US banks in activists’ sights as lenders struggle to hit targets
By Ben McLannahan
It was all very civilised.
When ValueAct, the activist investor, announced that it had taken a 2 per cent stake in Morgan Stanley earlier this month, it said it had every respect for the strategy set out by James Gorman, chairman and chief executive of the Wall Street bank.
The San Francisco-based fund manager said in a letter to its own investors that it looked forward to “developing [its] relationship with management to work towards a long, successful investment”. Morgan Stanley, for its part, said it welcomed ValueAct as a shareholder, like it would any investor.
But analysts say that relations could get a little more strained if Morgan Stanley continues to fall short of Mr Gorman’s key profit target: a return on common equity in the 9 to 11 per cent range. The bank is aiming to achieve this by the end of 2017. But in the first half of this year, its ROE came to an annualised 7.2 per cent, as it posted only a modest rebound in the second quarter from a very rough start to the year.
If a few more quarters go by without much progress, ValueAct — now a top 10 shareholder — could “take a more activist role, to hold management accountable”, says Brian Kleinhanzl, an analyst at Keefe, Bruyette & Woods in New York.
For any activist, the US banking sector is a target-rich environment. Almost eight years on from the depths of the financial crisis, many banks are still not making the double-digit return on equity which has long been seen as an acceptable threshold for profits. Only one of the big six — Wells Fargo — is expected to meet that basic benchmark this year, according to analysts’ forecasts.
However, shareholders are prepared to allow the banks some leeway. Many recognise that making money from the business of banking is harder than it used to be. If ROEs have shrunk, they say, it is not only because low interest rates make it harder to earn big profits from lending. It is also because the denominator — the E of equity — keeps rising.
Through the annual stress tests conducted by the Federal Reserve, for example, the biggest banks are made to operate with capital buffers big enough to withstand an Armageddon-like scenario.
“The guys managing banks are not asleep at the switch; they’re trying to compete in a ridiculously tough environment,” says Doug Burtnick, deputy head of North American equities at Aberdeen Asset Management in Philadelphia.
But those twin pressures — low rates and high capital — show few signs of easing. The best way for banks to respond, say analysts, is to keep hammering down on the things they can control, namely costs, while pouring more resources into activities which require less equity capital to grow.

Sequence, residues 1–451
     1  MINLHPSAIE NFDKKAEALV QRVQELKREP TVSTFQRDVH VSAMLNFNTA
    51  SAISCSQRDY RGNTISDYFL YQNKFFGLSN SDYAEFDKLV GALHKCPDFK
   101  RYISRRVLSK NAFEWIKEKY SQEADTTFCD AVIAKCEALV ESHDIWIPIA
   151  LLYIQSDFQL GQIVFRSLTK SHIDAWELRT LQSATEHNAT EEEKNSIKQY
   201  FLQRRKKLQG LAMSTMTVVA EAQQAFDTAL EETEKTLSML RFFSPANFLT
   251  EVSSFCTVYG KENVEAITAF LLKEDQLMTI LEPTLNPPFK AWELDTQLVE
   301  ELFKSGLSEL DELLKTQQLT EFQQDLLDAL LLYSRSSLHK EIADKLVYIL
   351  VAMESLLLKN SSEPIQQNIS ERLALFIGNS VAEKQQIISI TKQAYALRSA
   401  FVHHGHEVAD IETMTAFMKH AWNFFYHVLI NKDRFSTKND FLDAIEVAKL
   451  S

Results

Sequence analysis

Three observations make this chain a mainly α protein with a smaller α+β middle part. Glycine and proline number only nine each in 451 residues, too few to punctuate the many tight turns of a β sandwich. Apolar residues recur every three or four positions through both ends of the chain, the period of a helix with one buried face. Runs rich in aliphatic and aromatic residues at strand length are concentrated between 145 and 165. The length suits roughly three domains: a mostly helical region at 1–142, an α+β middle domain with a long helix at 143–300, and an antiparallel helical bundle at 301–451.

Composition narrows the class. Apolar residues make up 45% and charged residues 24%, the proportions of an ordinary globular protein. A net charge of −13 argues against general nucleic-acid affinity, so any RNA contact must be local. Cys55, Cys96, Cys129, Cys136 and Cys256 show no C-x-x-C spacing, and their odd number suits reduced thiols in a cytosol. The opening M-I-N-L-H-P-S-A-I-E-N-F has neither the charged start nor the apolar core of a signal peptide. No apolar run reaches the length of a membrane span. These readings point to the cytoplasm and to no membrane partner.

If not, more activists could come knocking.
“Enough of a free ride for these management teams,” says Mike Mayo, an analyst at CLSA. “There’s only so long investors can sit around waiting for adequate returns.”
That activists have not bothered the banks much so far, is partly a function of size. These are very big bites. ValueAct’s $1.1bn investment in Morgan Stanley represents just 2 per cent of the shares outstanding.
Investors also recognise that banks have only limited room to manoeuvre to boost their ROEs. In this, the sixth year of annual stress tests, the Fed was willing to let only a couple of midsized banks hand back more than 100 per cent of their profits through dividends or buybacks. For the rest, equity bases keep rising. The 33 banks which took the full public test this year increased their combined equity capital by more than $700bn, to $1.2tn, over the seven years to the first quarter of 2016.
Roy Smith, a finance professor at NYU Stern, notes that this creates a tricky backdrop for Morgan Stanley to try to wring better returns from a business model in which the consistency of wealth and investment management revenues offsets the ups and downs of trading.
Even so, analysts expect the bank to produce an ROE of 6.7 per cent this year, and 7.5 per cent next year; short of the bank’s target, and well short of Mr Smith’s own estimate of a cost of equity of about 16 per cent. He uses a technique known as the capital asset pricing model to get there: combining the 10-year Treasury yield of about 1.5 per cent, with the equity risk premium (about 6.2 per cent) multiplied by Morgan Stanley’s “beta” — or its sensitivity to broader market movements — of 2.3 per cent.
If ValueAct gets traction, other management teams should stand ready to defend themselves, he says. He adds that for too long the entire US banking sector has been “adrift”, failing to address one fundamental question.
“If you’re in a business where your cost of capital is greater than your return, someone should ask you, ‘why is this a viable business?’”
Bank Leumi sees ROE expectations drop
The way Avner Mendelson sees it, eight is the new 10. Such are the burdens of ultra-low interest rates and ever-higher capital requirements, that the CEO of the US arm of Bank Leumi, Israel’s biggest bank by assets, feels that expectations for return on equity have come down too.
“In a zero-rate environment, as great as you are, much higher rates are not sustainable from a core banking business,” he says. “It means you’re taking significant risk, which just doesn’t add up.”
In the first half of this year Leumi’s US business had an ROE of about 6 per cent, after stripping out one-off factors. The former McKinsey consultant now wants to push higher by doubling down on the bank’s favoured niches in the US such as nursing-home finance and commercial real estate.
“To me that is the game,” he says. “You can talk about ROA — return on assets — all you want, but we are in the ROE business.”